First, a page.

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  • TBC
  • Comedy
  • 2008
  • 77 mins

Rumba

Rumba

Synopsis

Disaster collides with a pair of married dancers in this, the second comic feature directed, written, produced and performed by Dominique Abel, Fiona Gordon and Bruno Romy (The Iceberg)

About

"Around and around his ration of rice my dog rowdily runs."

As Rumba opens, Fiona (Fiona Gordon) teaches her class of young French schoolchildren some English phrases of unlikely utility, while through the classroom window we see her lanky, tracksuited husband Dom (Dominique Abel) running rowdily with his gym class pupils.

Indeed, animals loom large in the background of Rumba. At home Fiona and Dom slurp a long strand of spaghetti, their lips meeting in the middle, recalling the iconic scene from Disney's canine cartoon feature Lady And The Tramp (1955) - and later an all-too-real stray pooch (whom Fiona calls Rumba) will play a significant part in the couple's comic misadventures. There is also a chorus of cows in a field that placidly observes the characters' various to-ings and fro-ings, and a large snail slimes its way through the meandering narrative. Meanwhile, decorating the wall of the couple's house is a painting of a pair of anthropomorphised, fully-dressed giraffes entangled in an ungainly tango. It might as well be a portrait of Fiona and Dom themselves for the only thing the long-limbed, happy-go-lucky two-some loves more than one another is the romance and rhythm of Latin dancing.

Driving home at night from yet another triumph at a regional dance championship, they crash while swerving to avoid would-be suicide Gérard (Philippe Martz). What follows is a litany of loss. In the accident, Fiona has lost a leg, Dom has lost his memory and in the chaos that their disabilities engender, both will lose their jobs. Fiona's wheelchair (and later her pain au chocolat) is stolen, their house burns down, Dom forgets the way back, and then - worst of all - they lose each other. Their experiences ought to be an unremittingly bleak tragedy, but polyhyphenate filmmakers Dominique Abel, Fiona Gordon and Bruno Romy transform these catastrophes into a magical comedy, brought to life by brilliantly choreographed physical performances, surreal observational detail, aloof widescreen camerawork, and the animalistic beat of the rumba soundtrack.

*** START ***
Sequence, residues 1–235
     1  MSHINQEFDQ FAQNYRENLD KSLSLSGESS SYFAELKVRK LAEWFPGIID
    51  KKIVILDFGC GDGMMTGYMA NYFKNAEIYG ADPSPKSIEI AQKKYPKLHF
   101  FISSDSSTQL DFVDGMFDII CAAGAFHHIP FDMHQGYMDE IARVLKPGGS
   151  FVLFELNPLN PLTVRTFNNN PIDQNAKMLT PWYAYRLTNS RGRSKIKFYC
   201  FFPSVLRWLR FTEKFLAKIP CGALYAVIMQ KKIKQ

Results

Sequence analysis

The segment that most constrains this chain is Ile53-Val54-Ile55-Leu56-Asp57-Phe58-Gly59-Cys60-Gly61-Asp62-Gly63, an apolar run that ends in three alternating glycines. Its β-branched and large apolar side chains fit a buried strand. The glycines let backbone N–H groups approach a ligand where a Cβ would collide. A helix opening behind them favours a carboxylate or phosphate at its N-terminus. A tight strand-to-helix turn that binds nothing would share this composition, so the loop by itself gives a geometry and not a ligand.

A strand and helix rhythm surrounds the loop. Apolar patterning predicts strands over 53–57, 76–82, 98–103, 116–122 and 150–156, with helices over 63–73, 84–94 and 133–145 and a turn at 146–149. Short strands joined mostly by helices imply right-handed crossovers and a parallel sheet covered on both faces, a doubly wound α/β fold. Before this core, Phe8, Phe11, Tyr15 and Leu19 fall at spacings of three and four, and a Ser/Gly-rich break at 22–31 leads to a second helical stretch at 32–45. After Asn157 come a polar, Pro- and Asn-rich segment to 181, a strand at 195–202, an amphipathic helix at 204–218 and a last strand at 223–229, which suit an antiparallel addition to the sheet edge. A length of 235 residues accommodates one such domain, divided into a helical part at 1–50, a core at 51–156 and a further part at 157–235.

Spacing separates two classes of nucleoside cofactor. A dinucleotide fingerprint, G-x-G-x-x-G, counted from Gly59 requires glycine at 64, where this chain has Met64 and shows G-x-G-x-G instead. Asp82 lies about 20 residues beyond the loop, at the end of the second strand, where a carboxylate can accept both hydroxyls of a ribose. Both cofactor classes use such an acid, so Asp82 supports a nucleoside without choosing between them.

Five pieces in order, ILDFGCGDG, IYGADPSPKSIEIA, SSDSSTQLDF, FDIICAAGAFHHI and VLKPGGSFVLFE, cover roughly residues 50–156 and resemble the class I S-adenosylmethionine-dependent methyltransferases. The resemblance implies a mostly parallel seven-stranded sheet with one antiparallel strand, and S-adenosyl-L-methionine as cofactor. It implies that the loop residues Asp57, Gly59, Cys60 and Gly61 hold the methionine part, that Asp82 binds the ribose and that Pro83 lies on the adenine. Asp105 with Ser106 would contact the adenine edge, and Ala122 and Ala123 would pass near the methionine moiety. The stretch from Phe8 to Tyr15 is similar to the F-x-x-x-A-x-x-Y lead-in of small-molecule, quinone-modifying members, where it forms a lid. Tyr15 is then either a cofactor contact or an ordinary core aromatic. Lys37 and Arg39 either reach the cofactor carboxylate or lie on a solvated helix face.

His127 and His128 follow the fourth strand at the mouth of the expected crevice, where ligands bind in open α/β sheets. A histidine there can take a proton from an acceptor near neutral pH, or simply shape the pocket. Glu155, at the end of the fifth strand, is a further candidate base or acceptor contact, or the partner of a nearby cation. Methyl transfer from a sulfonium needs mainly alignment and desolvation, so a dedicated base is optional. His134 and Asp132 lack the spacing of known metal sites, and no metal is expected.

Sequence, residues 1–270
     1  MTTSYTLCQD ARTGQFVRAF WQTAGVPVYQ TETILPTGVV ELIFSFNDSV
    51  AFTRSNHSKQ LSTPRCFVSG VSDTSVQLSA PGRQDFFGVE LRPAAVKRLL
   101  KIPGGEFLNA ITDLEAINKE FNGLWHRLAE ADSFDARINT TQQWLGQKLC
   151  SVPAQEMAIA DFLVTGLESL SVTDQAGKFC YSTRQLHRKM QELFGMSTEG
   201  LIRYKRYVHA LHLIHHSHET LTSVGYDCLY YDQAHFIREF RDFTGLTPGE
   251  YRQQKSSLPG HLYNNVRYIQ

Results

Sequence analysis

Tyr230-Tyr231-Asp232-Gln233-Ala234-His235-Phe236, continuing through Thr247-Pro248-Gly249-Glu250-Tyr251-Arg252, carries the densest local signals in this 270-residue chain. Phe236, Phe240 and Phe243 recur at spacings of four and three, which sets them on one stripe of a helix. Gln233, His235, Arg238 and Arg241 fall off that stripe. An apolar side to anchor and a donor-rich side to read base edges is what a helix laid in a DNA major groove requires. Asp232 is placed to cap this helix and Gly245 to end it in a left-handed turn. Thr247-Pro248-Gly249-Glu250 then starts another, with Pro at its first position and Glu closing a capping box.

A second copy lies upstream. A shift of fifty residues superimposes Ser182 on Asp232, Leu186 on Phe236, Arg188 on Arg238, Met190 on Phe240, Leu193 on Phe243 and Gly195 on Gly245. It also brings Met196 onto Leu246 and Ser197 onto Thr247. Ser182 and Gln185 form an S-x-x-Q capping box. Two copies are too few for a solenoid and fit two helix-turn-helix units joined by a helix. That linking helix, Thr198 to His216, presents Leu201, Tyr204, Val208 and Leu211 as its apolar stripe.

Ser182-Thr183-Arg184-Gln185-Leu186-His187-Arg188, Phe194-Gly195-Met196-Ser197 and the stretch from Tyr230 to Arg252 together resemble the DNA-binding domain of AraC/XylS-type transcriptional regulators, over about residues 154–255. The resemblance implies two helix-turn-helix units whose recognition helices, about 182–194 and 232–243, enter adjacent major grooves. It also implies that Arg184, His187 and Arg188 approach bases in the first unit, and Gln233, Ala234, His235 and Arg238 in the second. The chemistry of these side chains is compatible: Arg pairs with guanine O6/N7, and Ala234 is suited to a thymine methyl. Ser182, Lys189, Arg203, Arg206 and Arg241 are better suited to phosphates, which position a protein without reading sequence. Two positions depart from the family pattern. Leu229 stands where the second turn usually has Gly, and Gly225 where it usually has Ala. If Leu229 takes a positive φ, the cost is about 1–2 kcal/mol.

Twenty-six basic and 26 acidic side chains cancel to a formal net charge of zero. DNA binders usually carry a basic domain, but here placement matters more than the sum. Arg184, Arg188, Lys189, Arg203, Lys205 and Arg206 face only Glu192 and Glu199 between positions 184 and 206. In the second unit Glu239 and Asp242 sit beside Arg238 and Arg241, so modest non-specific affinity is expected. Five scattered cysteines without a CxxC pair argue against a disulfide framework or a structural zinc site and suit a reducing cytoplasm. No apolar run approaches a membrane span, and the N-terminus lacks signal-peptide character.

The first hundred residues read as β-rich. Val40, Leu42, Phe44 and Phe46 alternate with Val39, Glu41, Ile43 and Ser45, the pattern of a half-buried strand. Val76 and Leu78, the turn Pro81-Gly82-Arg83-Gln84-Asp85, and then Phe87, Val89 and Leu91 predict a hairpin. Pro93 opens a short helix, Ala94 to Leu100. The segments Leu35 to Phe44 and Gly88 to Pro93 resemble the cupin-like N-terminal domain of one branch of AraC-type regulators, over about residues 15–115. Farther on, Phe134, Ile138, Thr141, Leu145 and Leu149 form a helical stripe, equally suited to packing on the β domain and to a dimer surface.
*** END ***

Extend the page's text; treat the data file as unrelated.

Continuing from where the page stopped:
Rumba's gently clownish burlesque is infused with the spirit of Jacques Tati, and in particular its sparse, half-English dialogue and third-act seaside setting will strike a welcome chord with fans of Tati's classic Monsieur Hulot's Holiday (1953). Meanwhile, the use of rear projection, shadow play and matte shots ally Rumba more closely to the stylisations of a bygone era than to the cool digital trickery of our own age.

The result is a film of mannered, thoroughly human charm, where love moves as slowly but surely as a snail, and where the same rain that ruins a beach gathering can help the hopelessly lost to find one another again. The pleasures of rice might be in short supply but nothing will stop this loving couple from rowdily, doggedly pursuing their blighted passions.

Cast & Connections

  • Actor: Shirley Verin, Philippe Martz, Louis Lecouvreur, Clément Morel, Odile De Coligny, Dominique Abel, Fiona Gordon, Claire Dubien, Bruno Romy, Ophélie Anfry
  • Director: Fiona Gordon, Bruno Romy, Dominique Abel
  • Screen Writer: Dominique Abel, Fiona Gordon, Bruno Romy
  • Producer: Charles Gillibert, Marin Karmitz, Nathanaël Karmitz, Gordon Abel, Fiona Gordon
  • Photographer: Claire Childéric
  • Composer: Gilles Laurent, Meert Meert

In a nutshell

Despite having the bleakest of themes, this charming absurdist treat will put a Tati-esque skip in your step.

by Anton Bitel

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